242 Bedford Avenue, Where a Whole Foods is Coming to Williamsburg.

Near the corner of North Fourth Street and Bedford Avenue.

So... a Whole Foods will go here.

It's a decent, block-sized space.

The lot is still a heap of rubble inside.

But you wouldn't know it from the outside.

I realized I could jump on a electrical box to see inside. That's Radegast over there.

I think it's hilarious that a tree is just sitting here, doing nothing.

Looking towards Bedford, you can see there's been naughty vandal activity in the space.

The view from the steps at Radegast.

From N4th and Berry.

Seriously, look at that condo tower. How is Whole Foods a surprise?

I wonder if the Bedford Cheese shop will survive?

King's Pharmacy has been fighting for years to stay afloat.

They don't hide it either.

Duane Reade, like Starbucks to a local coffee shop, installed their battleship directly across the street.

Hipsters once wanted it all local, organic and non-corporate.

But hipsters don't really exist here anymore.

The convenience of Duane Reed matters more than ideologies.

This is the new face of Williamsburg, new feet in ballet shoes.

The old face is preoccupied with scraps from the trash.

Irrelevant but funny to me, these somewhat out of place women sitting in strollers.

March 16, 2012

This afternoon, while I was leering at passers-by from the front window of Oslo coffee of Bedford, an artist behind me said to the barista "It's over." Now, he said, his Eurotrash friends will accept Williamsburg as a destination worth visiting and start frequenting the bars here. As he explained it, they'd previously only consider venturing in Chelsea and the Meatpacking District on the weekends. "First came the models on the corners, then came the bankers chasing the models. It's over when there are models on the corners," he said.

I'm not sure where his accent suggested he was from. His lurid, bending vowel sounds and hyperbole made it clear he too was somewhat Eurotrash-y. Spanish, perhaps?

He was talking about Whole Foods setting up shop. The chain plans to open a location, four blocks from my place, at 242 Bedford Avenue. I don't agree with the artist. What a proposed Whole Foods means for the neighborhood is unclear. It, whatever it is or was, is not over. The scene the artist was romantically talking about was on its way out years ago and had left by last summer for sure, if not before I'd arrived. Williamsburg is really just beginning. This is the new scene.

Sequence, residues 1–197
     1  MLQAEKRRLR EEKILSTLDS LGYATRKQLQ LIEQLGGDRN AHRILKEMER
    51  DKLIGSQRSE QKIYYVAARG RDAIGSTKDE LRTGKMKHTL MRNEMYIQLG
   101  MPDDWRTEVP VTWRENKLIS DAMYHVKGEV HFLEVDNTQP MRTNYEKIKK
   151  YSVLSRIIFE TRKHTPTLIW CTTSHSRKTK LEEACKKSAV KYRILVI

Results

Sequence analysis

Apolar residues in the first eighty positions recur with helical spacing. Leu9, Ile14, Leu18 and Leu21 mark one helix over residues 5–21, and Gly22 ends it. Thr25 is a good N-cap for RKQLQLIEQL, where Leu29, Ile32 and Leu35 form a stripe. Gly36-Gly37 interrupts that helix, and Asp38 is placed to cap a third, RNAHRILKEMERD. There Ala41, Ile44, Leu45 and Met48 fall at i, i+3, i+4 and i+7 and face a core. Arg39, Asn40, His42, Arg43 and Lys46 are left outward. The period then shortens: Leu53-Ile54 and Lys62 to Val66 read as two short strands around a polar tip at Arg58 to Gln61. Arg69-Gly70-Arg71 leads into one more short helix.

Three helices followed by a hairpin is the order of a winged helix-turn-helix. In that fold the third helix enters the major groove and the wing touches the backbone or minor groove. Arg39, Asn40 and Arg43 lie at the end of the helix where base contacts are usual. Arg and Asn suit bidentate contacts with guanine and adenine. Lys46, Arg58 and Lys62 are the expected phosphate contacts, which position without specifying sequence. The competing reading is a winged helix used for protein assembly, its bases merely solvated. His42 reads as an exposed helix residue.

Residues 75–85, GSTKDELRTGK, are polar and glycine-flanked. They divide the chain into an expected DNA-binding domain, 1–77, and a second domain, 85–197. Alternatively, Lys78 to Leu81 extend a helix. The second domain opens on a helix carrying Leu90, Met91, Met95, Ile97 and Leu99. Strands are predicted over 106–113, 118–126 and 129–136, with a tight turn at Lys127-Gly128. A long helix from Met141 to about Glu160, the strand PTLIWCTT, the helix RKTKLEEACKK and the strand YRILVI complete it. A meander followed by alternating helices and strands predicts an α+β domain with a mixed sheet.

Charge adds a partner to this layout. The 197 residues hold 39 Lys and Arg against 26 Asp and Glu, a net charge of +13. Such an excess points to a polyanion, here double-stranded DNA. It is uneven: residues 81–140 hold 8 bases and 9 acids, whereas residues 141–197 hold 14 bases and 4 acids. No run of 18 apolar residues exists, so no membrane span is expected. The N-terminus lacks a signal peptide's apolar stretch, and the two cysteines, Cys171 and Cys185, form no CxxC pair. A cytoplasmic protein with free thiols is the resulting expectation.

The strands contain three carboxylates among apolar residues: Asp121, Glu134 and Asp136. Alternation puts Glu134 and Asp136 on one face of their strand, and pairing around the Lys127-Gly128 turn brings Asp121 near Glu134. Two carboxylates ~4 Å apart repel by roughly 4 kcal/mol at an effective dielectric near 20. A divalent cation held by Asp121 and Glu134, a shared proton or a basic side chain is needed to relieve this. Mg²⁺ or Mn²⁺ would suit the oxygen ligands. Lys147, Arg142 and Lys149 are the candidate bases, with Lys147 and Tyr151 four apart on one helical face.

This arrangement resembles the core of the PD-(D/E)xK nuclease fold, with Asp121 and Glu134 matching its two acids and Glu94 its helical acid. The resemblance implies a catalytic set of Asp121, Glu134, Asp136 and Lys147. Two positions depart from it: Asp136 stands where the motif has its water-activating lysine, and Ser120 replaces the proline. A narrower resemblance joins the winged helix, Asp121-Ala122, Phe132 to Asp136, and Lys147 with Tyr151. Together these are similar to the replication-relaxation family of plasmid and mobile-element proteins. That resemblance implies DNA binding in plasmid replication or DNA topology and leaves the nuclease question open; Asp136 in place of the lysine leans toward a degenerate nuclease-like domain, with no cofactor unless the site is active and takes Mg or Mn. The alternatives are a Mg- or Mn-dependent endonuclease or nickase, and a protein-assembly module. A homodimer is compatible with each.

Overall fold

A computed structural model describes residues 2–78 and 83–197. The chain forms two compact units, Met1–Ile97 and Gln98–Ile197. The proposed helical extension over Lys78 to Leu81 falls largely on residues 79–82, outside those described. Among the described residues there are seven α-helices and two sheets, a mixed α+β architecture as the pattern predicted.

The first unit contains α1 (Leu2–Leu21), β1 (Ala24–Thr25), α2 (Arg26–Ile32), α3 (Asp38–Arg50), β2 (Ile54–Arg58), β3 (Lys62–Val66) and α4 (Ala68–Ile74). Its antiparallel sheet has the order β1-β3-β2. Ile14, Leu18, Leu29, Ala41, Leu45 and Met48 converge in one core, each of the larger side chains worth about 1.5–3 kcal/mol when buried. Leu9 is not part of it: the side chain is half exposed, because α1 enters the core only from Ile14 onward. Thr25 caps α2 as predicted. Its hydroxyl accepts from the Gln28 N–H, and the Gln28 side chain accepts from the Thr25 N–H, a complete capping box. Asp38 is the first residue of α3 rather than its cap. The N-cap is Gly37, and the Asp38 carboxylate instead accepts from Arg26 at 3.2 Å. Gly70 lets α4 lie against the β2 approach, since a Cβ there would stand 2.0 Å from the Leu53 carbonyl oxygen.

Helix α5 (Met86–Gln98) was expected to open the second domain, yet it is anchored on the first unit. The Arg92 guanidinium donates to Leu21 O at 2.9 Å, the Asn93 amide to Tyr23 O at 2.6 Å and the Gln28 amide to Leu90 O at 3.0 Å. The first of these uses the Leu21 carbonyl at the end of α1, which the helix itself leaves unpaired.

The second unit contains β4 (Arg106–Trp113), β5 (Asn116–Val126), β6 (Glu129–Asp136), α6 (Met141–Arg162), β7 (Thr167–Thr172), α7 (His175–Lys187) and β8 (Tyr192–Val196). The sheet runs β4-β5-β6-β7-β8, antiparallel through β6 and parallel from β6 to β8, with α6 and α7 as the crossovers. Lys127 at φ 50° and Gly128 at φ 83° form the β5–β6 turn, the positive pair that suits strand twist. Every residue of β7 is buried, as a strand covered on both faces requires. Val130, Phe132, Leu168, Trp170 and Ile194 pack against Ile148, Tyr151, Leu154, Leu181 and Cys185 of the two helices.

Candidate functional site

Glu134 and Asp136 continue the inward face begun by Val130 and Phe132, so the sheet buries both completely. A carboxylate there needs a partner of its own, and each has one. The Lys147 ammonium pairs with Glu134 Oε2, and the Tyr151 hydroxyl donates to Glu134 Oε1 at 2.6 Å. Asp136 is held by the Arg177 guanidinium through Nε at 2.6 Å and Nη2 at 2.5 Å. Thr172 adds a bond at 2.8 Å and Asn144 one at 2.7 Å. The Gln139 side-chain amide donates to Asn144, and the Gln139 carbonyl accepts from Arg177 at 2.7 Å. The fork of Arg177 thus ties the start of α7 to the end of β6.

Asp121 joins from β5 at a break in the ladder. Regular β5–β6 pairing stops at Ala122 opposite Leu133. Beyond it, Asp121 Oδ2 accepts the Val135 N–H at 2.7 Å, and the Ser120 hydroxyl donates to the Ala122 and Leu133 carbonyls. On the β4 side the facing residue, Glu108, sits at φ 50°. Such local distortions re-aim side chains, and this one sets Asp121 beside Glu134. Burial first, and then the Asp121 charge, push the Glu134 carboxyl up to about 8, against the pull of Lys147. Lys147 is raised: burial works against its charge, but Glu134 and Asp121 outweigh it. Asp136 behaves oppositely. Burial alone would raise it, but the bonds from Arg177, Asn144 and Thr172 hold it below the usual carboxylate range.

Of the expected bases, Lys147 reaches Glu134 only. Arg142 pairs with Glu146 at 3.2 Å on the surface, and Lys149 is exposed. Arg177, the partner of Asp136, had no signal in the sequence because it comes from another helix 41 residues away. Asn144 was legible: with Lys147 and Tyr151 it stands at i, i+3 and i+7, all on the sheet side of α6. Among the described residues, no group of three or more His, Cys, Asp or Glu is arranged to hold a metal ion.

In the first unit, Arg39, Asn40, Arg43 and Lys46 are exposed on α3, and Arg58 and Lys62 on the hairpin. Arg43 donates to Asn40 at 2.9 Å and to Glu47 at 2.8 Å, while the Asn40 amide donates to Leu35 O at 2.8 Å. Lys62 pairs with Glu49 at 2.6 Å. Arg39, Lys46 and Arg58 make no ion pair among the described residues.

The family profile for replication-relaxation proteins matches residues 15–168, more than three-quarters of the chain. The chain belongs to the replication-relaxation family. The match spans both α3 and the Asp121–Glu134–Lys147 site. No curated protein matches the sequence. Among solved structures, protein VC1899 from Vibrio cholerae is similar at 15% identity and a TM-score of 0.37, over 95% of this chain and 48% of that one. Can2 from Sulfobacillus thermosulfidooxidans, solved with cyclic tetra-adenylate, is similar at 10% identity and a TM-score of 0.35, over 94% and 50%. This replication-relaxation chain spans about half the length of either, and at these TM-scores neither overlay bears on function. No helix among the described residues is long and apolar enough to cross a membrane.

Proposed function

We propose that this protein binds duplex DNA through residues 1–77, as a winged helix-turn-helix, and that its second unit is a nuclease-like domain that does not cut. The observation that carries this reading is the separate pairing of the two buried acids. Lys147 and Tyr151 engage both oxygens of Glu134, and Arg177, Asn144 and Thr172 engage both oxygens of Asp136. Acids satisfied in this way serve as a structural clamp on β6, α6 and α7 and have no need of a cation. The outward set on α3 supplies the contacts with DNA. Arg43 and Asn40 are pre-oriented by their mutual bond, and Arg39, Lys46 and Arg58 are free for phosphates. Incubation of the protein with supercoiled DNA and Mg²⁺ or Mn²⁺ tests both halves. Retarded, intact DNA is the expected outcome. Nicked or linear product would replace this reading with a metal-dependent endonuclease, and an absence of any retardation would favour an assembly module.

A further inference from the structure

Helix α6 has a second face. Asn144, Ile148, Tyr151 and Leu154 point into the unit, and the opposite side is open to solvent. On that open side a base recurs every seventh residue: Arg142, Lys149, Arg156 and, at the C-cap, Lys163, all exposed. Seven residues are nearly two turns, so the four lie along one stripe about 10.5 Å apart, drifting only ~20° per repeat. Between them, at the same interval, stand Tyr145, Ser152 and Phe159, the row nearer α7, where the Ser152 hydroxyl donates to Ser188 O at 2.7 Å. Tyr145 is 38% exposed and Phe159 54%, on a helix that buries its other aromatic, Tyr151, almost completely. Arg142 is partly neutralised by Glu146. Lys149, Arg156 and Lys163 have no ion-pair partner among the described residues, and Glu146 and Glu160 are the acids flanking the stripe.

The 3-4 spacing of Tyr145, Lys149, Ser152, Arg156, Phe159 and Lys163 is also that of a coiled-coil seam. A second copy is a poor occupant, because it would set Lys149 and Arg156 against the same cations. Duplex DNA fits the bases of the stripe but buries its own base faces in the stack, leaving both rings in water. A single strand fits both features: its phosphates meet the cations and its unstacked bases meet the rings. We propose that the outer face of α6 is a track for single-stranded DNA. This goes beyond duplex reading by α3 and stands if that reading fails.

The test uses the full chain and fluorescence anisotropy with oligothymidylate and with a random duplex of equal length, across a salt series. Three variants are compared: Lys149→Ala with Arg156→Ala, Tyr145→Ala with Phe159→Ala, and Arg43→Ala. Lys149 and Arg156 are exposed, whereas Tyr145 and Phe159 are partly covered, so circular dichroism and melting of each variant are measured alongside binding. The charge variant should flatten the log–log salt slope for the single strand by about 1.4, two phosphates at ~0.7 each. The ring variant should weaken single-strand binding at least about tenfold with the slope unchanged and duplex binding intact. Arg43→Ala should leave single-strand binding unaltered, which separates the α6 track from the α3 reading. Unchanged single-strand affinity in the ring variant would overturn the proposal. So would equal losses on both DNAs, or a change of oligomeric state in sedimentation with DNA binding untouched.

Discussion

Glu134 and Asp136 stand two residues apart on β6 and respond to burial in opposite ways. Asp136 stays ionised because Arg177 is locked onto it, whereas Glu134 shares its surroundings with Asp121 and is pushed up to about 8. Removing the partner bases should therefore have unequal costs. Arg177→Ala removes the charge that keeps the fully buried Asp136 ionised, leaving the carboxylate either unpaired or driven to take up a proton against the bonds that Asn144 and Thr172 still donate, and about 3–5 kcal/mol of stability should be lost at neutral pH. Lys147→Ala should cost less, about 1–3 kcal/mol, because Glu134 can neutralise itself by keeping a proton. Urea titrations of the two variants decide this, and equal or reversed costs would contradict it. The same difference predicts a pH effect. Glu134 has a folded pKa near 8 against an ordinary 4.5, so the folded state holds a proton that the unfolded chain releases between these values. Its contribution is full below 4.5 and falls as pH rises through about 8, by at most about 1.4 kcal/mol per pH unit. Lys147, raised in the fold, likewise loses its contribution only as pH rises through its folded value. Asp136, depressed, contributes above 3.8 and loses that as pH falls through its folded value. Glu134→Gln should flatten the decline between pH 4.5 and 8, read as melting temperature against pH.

Whole Foods, provided they actually build this place, is not going to cause a major change in what's been happening in Williamsburg. The towering condos have been approaching along the Western Shore of Brooklyn for years. Developers have held properties for decades in expectation of just this very moment. I'm guessing the changes we see daily will only accelerate. Rents will still continue to increase. Bodegas will still continue to vanish or convert to stocking only organic or local items. Mom and Pop (like the folks at King's Pharmacy) will still continue to retire early. Like Gothamist titled their piece, this Whole Foods was inevitable.

The artist back at Oslo had also mentioned that his landlord had upped his monthly rate to $3,000 from $1,800 over six years. I've been fortunate to not endure anything close to that over my two. Still, I worry about not being able to afford living here long-term - here being New York City in general. I still can't afford decent health insurance for the sixth year running. But I'm lucky to have as nice a setup in my apartment as I currently do. There's daylight coming in and the downstairs neighbors only complain about me every few months. 

What I know I need to consider is the attention bias that makes a Whole Foods in Williamsburg a topic of discussion among people like me. I'm surrounded by wealth, people with means far greater than mine, and I dwell on that in the same way the snarky media like Gawker and Gothamist do. Yes, there are models and bankers and plenty of wealthy to excessively rich people in the neighborhood. I get envious, even a little defensive and preachy about "keeping it real" but plenty of other people are probably thinking the same thing of me. There are also still old Polish grandmothers from the Old Neighborhood - and possibly even the Old Country - digging through the trash bins for recoverable goods like recyclables for which they can earn five cents. You and I, dear artist, we have to keep a little perspective.

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